Bhagavad Gita 1.1 Explained – Dharmakshetra Kurukshetra

धृतराष्ट्र उवाच

धर्मक्षेत्रे कुरुक्षेत्रे समवेता युयुत्सवः।

मामकाः पाण्डवाश्चैव किमकुर्वत सञ्जय।।1.1।।

श्रीमद्भगवद्गीता 1.1

Dhritarashtra Uvacha

Dharmakshetre Kurukshetre Samaveta Yuyutsavah

Mamakah Pandavaschaiva Kimakurvata Sanjaya

Shrimad Bhagavad Gita 1.1

The King Dhritarashtra asked: “O Sanjaya! What happened on the sacred battlefield of Kurukshetra, when my people gathered against the Pandavas?”

English Translation of BG 1.1

Insights into BG 1.1: Reflecting on Swami Ramsukhdas Ji’s Divine Commentary

At the heart of the Bhagavad Gita’s opening verse lies a profound question posed by Dhritarashtra, the blind king, to his charioteer Sanjaya. This inquiry is not just a quest for the outcome of a historic battle; it is a symbolic representation of the eternal struggle between righteousness and unrighteousness, duty and desire, dharma and adharma.

Kurukshetra, described as “Dharmakshetra,” the field of dharma, serves multiple layers of symbolism. Historically, it was a place sanctified by rituals and austerities, a land where kings and sages performed sacrifices to uphold the principles of dharma. This physical battlefield, chosen for the epic clash between the Kauravas and the Pandavas, transcends its geographical significance to embody the battleground of life where every individual confronts ethical and moral dilemmas.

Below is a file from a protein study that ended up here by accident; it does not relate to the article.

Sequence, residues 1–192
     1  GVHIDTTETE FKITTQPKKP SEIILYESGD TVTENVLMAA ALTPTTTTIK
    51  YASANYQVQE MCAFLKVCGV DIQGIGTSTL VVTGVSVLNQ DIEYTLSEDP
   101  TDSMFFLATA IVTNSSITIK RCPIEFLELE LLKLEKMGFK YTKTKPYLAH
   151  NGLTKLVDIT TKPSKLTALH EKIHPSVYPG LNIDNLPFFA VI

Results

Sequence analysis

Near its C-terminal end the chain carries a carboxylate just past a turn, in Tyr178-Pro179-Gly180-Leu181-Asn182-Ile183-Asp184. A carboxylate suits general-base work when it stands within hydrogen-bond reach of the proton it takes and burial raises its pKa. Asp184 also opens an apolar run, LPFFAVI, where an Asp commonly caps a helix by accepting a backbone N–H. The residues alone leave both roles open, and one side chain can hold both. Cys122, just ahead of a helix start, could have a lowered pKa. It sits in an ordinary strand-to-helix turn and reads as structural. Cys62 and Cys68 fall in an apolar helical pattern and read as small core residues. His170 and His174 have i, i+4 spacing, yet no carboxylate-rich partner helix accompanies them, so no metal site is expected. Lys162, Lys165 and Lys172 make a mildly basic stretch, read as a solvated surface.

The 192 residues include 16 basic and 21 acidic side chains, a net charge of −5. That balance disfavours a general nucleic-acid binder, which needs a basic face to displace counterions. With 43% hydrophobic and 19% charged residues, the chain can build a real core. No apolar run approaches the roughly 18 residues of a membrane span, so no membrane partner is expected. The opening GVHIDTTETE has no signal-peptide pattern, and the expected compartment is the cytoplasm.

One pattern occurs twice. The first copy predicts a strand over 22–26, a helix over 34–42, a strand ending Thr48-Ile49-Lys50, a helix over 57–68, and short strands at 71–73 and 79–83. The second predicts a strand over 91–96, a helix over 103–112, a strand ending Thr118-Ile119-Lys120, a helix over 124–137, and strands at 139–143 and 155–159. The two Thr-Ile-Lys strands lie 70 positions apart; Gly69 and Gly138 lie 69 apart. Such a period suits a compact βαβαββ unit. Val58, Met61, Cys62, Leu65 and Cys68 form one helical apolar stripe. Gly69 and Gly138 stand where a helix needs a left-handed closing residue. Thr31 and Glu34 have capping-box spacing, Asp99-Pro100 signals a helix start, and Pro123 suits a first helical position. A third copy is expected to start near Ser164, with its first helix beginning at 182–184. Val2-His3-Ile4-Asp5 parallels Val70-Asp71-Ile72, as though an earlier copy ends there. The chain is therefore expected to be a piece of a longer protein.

Swami Ramsukhdas Ji emphasize the innate message that any action in life, including warfare, should be aligned with dharma. The choice of Kurukshetra as the battlefield underscores the underlying intention that even in conflict, one’s actions should lead to the ultimate good. The emphasis on dharma serves as a reminder that our duties and actions should contribute positively to society and our spiritual evolution.

Dhritarashtra’s inquiry to Sanjaya reveals more than a concern for the outcome of the war; it reflects the internal conflict within Dhritarashtra himself. His use of the words “Mamakah” (my sons) and “Pandavas” (the sons of Pandu) indicates a division in his heart, a partiality that blinds him to the righteousness of the Pandavas’ cause. This bias, stemming from attachment, leads to the downfall of his lineage.

Swami Ramsukhdas Ji poignantly points out that the real battle is not external but within each individual. The true Kurukshetra is the human heart, where every moment, dharma and adharma vie for supremacy. This verse, therefore, is not just a prelude to an epic battle but a call to introspection and righteousness.

The Bhagavad Gita commences with this verse, setting the stage for a profound dialogue on duty, righteousness, and the spiritual path. It beckons us to consider our actions in the light of dharma, urging us to perform our duties without attachment to the outcome, thus paving the way for spiritual liberation.

In conclusion, this opening verse encapsulates the essence of the Bhagavad Gita’s teachings: the pursuit of dharma amidst the trials of life. It encourages us to act with wisdom and integrity, reminding us that every choice we make is a step on the path to our ultimate liberation. As we navigate the battlefield of life, let us carry the message of Kurukshetra in our hearts, striving always to uphold dharma in every action we undertake.